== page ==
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2. Q. valerius antias, the Roman historian, was either a descendant of the preceding, or derived the surname of Antias from his being a native of Antium, as Pliny states. (//. N~. Praef.) He was a contemporary of Quadrigarius, Sisenna, and Rutilius (Veil. Pat. ii. 9), and lived in the former half of the first century before Christ. Krause, without mentioning his authority, states that Antias was praetor in a. u. c. 676. (b. c. 68.) He wrote the history of Rome from the earliest period, relating the stories of Amulius, Rhea Silvia and the like, down to the time of Sulla. The latter period must have been treated at much greater length than the earlier, since he spoke of the quaestorship of Ti. Gracchus (b. c. 137) as early as in the twelfth book (or according to some readings in the twenty-second), and the work extended to seventy-five books at least. (Gell. vii. 9.)
Valerius Antias is frequently referred to by Livy, who speaks of him as the most lying of all the annalists, and seldom mentions his name without terms of reproach. (Comp. iii. 5, xxvi. 49, xxxvi. 38.) Gellius (vi. 8, vii. 19) too mentions cases in which the statements of Antias are opposed to those of all other writers, and there can be little doubt that Livy's judgment is correct. Antias was in no difficulty about any of the particulars of the early history: he fabricated the most circumstantial narratives, and was particularly distinguished by his exaggerations in numbers. Plutarch seems to have drawn much of his early history from him, and Livy too appears to have derived many of his statements from the same source, though he was aware of the untrustworthiness of riis authority. It is rather curious that Cicero lever refers to Valerius Aiitias. (Comp. Niebuhr, Hist, of Rome, i. pp. 237, 501, 525, &c., ii. p. 9, i. 570, iii. pp. 124, 358 ; Krause, Vitae et Fragm. -ct. Historic. Latin, p. 266, &c.)
ANTICLEIA ('AvriKXeia), a daughter of Au-
Horn. Od. xi. 85.) According to Homer she died
if grief at the long absence of her son, who met her
.nd spoke with her in Hades. (Od. xv. 356, &c.?
:i. 202, &c.) According to other traditions, she
>ut an end to her own life after she had heard a
eport of the death of her son. (Hygin. Fab. 243.)
lyginus (Fab. 201) also states, that previous to
er marrying Laertes, she lived on intimate terms
fith Sisyphus ; whence Euripides (tyhig. Aul. 524)
3hil. 417; Ov. Met. xiii. 32 ; Serv. ad Aen. vi.
29.) It is uncertain whether this Anticleia is the
nne as the one whose son Periphetes was killed
1; Pans. ii. 1. § 4 ; Hygin. Fab. 38.) Another
lythical personage of this name, who married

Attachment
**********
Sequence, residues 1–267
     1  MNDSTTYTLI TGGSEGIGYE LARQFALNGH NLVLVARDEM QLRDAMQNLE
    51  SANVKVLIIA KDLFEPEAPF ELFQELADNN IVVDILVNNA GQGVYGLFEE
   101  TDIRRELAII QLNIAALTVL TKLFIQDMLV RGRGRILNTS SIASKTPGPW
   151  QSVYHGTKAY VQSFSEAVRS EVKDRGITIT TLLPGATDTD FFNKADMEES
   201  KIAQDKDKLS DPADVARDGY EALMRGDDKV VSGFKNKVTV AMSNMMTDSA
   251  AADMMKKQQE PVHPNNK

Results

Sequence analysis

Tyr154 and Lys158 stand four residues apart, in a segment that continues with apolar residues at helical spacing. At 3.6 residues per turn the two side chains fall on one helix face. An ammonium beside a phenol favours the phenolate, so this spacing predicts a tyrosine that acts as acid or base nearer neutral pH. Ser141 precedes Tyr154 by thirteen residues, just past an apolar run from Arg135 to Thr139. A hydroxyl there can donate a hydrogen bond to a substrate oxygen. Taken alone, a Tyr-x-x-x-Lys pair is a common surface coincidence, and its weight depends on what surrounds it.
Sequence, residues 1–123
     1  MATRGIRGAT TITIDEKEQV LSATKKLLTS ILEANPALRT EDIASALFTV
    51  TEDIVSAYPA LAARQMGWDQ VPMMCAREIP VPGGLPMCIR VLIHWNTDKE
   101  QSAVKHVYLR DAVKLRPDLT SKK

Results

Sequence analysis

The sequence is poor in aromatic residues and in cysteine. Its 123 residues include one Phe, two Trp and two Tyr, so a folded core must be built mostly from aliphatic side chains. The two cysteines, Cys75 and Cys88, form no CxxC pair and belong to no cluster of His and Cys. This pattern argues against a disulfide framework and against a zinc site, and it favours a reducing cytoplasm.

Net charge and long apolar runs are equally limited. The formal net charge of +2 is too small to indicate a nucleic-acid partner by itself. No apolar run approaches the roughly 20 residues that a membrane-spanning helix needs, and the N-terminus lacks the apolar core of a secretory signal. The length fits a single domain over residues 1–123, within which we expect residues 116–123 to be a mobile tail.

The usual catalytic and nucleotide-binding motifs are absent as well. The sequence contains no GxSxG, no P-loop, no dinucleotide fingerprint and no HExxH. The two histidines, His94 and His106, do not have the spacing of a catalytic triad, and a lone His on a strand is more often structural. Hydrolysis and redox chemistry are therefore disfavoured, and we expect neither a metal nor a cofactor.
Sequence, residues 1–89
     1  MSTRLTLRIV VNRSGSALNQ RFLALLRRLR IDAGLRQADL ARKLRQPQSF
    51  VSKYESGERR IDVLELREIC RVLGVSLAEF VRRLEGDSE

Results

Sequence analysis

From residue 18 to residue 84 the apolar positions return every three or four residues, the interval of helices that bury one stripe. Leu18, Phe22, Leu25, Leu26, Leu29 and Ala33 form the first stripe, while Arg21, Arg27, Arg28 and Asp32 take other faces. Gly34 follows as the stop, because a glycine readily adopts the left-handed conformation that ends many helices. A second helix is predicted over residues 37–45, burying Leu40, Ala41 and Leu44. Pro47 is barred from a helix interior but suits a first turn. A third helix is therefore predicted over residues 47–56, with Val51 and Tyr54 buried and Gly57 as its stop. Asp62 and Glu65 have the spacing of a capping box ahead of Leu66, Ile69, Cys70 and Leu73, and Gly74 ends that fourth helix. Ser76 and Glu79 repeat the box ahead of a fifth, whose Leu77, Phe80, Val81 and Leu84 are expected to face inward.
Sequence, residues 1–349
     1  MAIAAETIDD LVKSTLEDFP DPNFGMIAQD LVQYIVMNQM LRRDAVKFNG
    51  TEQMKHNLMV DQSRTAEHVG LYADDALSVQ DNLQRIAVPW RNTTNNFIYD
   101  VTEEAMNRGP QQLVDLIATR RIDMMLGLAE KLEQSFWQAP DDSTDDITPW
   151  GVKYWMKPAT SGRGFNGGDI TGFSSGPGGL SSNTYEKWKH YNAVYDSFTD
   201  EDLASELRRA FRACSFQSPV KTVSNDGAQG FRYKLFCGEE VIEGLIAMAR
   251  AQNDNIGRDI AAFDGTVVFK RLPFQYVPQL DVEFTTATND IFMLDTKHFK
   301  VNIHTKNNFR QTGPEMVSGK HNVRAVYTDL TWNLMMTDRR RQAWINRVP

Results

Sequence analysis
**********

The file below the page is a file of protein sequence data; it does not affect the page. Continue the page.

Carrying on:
lachaon, the son of Asclepius, is mentioned by
aus. iv. 30. § 2. [L. S.J
ANTICLEIDES f Ayi-wcA^s), of Athens
^then. xi. p. 446, c.), lived after the time of
lexander the Great (Plut. Alex. 46), and is fre-
lently referred to by later writers. He wrote, 1.
6/n NotrrcoJ', containing an account of the return
the Greeks from their ancient expeditions.
Uhen. iv. p. 157, f., ix. p. 384, d., xi. p. 466, c.)
nticleides' statement about the Pelasgians, which
:rabo (v. p. 221) quotes, is probably taken from
e work on the No<rrof. 2. A^Aicc/co, an account
Delos. (Schol. ad Apoll. Rhod. i. 1207, 1289.)
3. 'EtyyijTiKbs, appears to have been a sort of Dictionary, in which perhaps an explanation of those words and phrases was given which occurred in the ancient stories. (Athen. xi. p. 473, b. c.) 4. Ilepl 'AAe|ai/5p0u/ of which the second book is quoted by Diogenes Laertius. (viii. 11; comp. Plut. Alex. L c.) Whether these works were all written by Anticleides of Athens., cannot be decided with certainty.
ANTICRATES ('AvTiKpdrys), a Spartan who, according to Dioscourides (op. Plut, Ayes. 35), killed Epaminondas at the battle of Mantineia. The descendants of Anticrates are said to have been called Maxcupta^es by the Lacedaemonians, on account of his having struck Epaminondas with (Pint. /. c.), but Pausanias (viii. 11.
ANTIDORUS ('Aj/r&wpos), of Lemnos, deserted to the Greeks in the battle of Artemisium, and was rewarded by the Athenians by a piece of ground in Salamis. (Herod, viii. 11.)
ANTIDOTUS (9Am'5oTos), an Athenian comic poet, of whom we know nothing, except that he was of the middle comedy, which is evident from the fact that a certain play, the 'Ojtio/a, is ascribed both to him and to Alexis. (Athen. xiv. p. 642.) We have the titles of two other plays of his, and it is thought that his name ought to be restored in Athenaeus (i. p. 28, e.) and Pollux (vi. 99). (See Meineke, i. p. 416.) [P. S.]
ANTIDOTUS, an encaustic painter, the dis ciple of Euphranor, and teacher of Nicias the Athe nian. His works were few, but carefully executed, and his colouring was somewhat harsh (severior). He flourished about B. c. 336. (Plin. xxxv. 40. §§ 27, 28.) [P. S.]
ANTIGENES ('Ai/r^e^s). 1. A general of Alexander the Great, also served under Philip, and lost an eye at the siege of Perm thus. (b. c. 340.) After the death of Alexander he obtained the satrapy of Susiana. He was one of the commanders of the Argyraspids (Diet, of Ant. s. v.) and espoused with his troops the side of Eumenes, On the defeat of the latter in B. c. 31 6, Antigenes fell into the hands of his enemy Antigonus, and was burnt alive by him. (Plut. Alex. 70 ; Arrian, ap. Phot. p. 71, b. Bekk.; Diod. xviii. 62, xix. 12, &c., 44; Plut. Eum. 13.)
ANTIGENES. (' Arrows), the name of at least three Greek physicians.
1. An inhabitant of Chios, mentioned in one of the spurious letters of Euripides (Eurip. Epist. 2. vol. ii. p. 500, ed. Beck), who (if he ever really existed) must have lived in the fifth century b. c.
2. One of the followers of Cleophantus, who must have lived about the middle of the third century b. c., as Mnemon, one of his fellow-pupils, is known to have lived in the reign of Ptolemy Euergetes, b. c. 247 — -222. [cleophantus ; mnemon.] One of his works is quoted by Caelius